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North Korea Demands US Drop 'Provocative Sanctions' Before Talks 


North Korea is threatening to boycott a resumption of nuclear disarmament talks unless the United States drops financial action it has taken against several North Korean companies. Washington says the companies are a front for illegal activities used to fund Pyongyang's weapons programs.

In a commentary published Tuesday by North Korea's official Rodong newspaper, Pyongyang said it would be "impossible to resume" six-party nuclear negotiations while "provocative" U.S. financial sanctions are in place.

The United States, Japan, Russia, China and South Korea have been trying to persuade North Korea to dismantle its nuclear facilities in exchange for financial and diplomatic incentives. Pyongyang agreed in principle to dismantlement at six-party talks in September. But the North Koreans then immediately began laying down new conditions.

The first was that the United States provide the North with a light water nuclear reactor for peaceful energy production.

The United States has replied that a light water reactor will not be discussed until North Korea complies with its dismantlement commitments, and the other parties to the talks have generally supported this position.

South Korea and China also oppose sanctions or strong diplomatic pressure against the North, but Washington took unilateral financial action against eight North Korean companies in October. It says the companies are engaged in illegal activities to finance Pyongyang's nuclear weapons programs.

Peter Beck, Northeast Asia Director for the International Crisis Group research organization, says the Bush administration's actions are likely to keep the situation tense in the short term.

"Since they are not going to get support of Beijing and Seoul for actual sanctions, they [U.S. officials] are going after North Korean companies and operations any way they can," said Mr. Beck. "So I think we're going to see further deterioration, at least for the time being, in relations between U.S and North Korea."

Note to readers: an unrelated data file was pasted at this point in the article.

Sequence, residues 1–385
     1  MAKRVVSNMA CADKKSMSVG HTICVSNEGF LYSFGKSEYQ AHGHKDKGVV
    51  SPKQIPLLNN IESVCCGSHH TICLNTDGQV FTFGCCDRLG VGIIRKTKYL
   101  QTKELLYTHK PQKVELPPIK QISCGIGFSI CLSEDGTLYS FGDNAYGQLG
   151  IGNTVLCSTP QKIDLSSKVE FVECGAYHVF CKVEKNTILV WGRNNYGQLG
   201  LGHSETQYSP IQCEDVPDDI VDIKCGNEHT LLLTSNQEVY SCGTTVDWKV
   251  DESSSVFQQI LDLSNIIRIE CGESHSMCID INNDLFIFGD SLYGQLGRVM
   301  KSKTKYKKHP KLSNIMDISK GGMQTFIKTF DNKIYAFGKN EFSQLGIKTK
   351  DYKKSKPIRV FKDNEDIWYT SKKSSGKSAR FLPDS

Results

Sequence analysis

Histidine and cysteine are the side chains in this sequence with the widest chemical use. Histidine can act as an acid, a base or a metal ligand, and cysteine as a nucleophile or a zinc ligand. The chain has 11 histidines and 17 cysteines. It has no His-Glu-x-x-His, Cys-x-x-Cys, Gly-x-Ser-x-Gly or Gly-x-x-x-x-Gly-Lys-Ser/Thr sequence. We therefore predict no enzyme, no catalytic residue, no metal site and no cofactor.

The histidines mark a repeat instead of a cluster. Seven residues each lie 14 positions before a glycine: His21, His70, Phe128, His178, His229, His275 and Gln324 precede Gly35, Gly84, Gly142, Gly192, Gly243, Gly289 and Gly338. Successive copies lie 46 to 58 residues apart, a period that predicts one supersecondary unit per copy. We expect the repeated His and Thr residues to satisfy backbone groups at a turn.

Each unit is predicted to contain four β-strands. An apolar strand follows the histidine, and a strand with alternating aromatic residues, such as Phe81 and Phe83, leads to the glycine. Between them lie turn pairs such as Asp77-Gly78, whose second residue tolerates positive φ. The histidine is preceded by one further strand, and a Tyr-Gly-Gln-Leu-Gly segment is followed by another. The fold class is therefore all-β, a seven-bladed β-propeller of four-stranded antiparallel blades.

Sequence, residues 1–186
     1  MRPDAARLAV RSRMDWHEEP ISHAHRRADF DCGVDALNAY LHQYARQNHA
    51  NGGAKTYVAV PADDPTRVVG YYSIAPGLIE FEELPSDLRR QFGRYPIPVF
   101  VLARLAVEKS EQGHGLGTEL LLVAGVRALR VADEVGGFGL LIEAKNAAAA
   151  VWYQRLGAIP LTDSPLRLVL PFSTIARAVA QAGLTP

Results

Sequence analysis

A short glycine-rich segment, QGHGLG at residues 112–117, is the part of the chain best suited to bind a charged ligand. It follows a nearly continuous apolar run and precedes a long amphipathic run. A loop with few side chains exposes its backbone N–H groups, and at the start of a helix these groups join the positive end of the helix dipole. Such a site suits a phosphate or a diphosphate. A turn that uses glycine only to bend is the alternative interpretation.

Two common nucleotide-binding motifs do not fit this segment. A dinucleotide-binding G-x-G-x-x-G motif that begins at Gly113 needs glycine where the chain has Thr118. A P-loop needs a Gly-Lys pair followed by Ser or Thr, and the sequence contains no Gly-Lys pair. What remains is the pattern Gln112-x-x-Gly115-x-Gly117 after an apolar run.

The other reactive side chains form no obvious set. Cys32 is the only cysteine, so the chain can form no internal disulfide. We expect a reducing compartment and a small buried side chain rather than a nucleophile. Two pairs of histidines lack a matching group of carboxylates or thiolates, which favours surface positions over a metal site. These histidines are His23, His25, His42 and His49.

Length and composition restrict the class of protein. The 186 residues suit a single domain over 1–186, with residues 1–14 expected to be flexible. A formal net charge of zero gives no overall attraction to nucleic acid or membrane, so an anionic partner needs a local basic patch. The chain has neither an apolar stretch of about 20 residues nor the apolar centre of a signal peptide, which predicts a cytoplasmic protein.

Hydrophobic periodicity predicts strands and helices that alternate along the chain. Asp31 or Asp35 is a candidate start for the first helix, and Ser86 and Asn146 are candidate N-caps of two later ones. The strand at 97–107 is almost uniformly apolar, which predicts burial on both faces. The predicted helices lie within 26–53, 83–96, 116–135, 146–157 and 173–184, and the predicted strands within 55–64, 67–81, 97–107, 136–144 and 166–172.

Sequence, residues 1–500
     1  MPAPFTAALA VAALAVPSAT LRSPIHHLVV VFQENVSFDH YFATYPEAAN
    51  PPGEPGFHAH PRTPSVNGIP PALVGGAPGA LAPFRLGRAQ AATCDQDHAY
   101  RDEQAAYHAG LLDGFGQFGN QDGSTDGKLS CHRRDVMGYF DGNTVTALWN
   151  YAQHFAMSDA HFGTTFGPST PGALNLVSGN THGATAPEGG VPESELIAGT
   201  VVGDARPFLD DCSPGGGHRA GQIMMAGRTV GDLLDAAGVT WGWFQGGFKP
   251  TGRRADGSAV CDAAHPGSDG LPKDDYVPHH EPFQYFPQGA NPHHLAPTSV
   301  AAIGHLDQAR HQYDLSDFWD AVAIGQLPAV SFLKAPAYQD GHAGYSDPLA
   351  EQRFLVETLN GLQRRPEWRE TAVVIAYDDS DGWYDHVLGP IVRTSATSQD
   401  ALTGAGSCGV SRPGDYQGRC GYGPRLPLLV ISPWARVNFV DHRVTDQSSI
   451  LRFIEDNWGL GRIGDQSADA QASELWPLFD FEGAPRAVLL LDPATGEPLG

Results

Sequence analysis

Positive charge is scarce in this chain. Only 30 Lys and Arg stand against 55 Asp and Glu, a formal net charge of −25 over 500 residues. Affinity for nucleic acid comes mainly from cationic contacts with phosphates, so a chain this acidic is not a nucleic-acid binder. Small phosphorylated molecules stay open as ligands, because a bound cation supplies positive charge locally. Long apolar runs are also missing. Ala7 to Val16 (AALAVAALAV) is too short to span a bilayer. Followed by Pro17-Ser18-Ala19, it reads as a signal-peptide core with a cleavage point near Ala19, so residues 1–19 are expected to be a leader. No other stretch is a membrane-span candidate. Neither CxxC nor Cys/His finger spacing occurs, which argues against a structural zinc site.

The United States has long accused the North Korean regime of engaging in currency counterfeiting, money laundering, the sale of missile technology and narcotics trafficking in order to support itself. North Korea denies taking part in those activities.

While the world waits to see if the six-party talks will resume as expected in January, a simmering dispute between Japan and its neighbors could complicate multinational cooperation on the nuclear issue.

China and South Korea, negotiating partners with Japan and the United States in the six-party talks, have been angered by Japanese Prime Minister Junichiro Koizumi's repeated visits to a controversial Tokyo war shrine. The shrine honors convicted war criminals along with other Japanese war dead.

China has said it will not participate in a customary meeting with Japan and South Korea next week on the sidelines of the summit of the Association of Southeast Asian Nations. South Korean President Roh Moo-hyun has also ruled out any visit to Tokyo in the near future.

In an attempt to cool the dispute, Japanese Foreign Minister Taro Aso has written a letter to his South Korean counterpart, assuring him that Japan takes South Korea's anger seriously.

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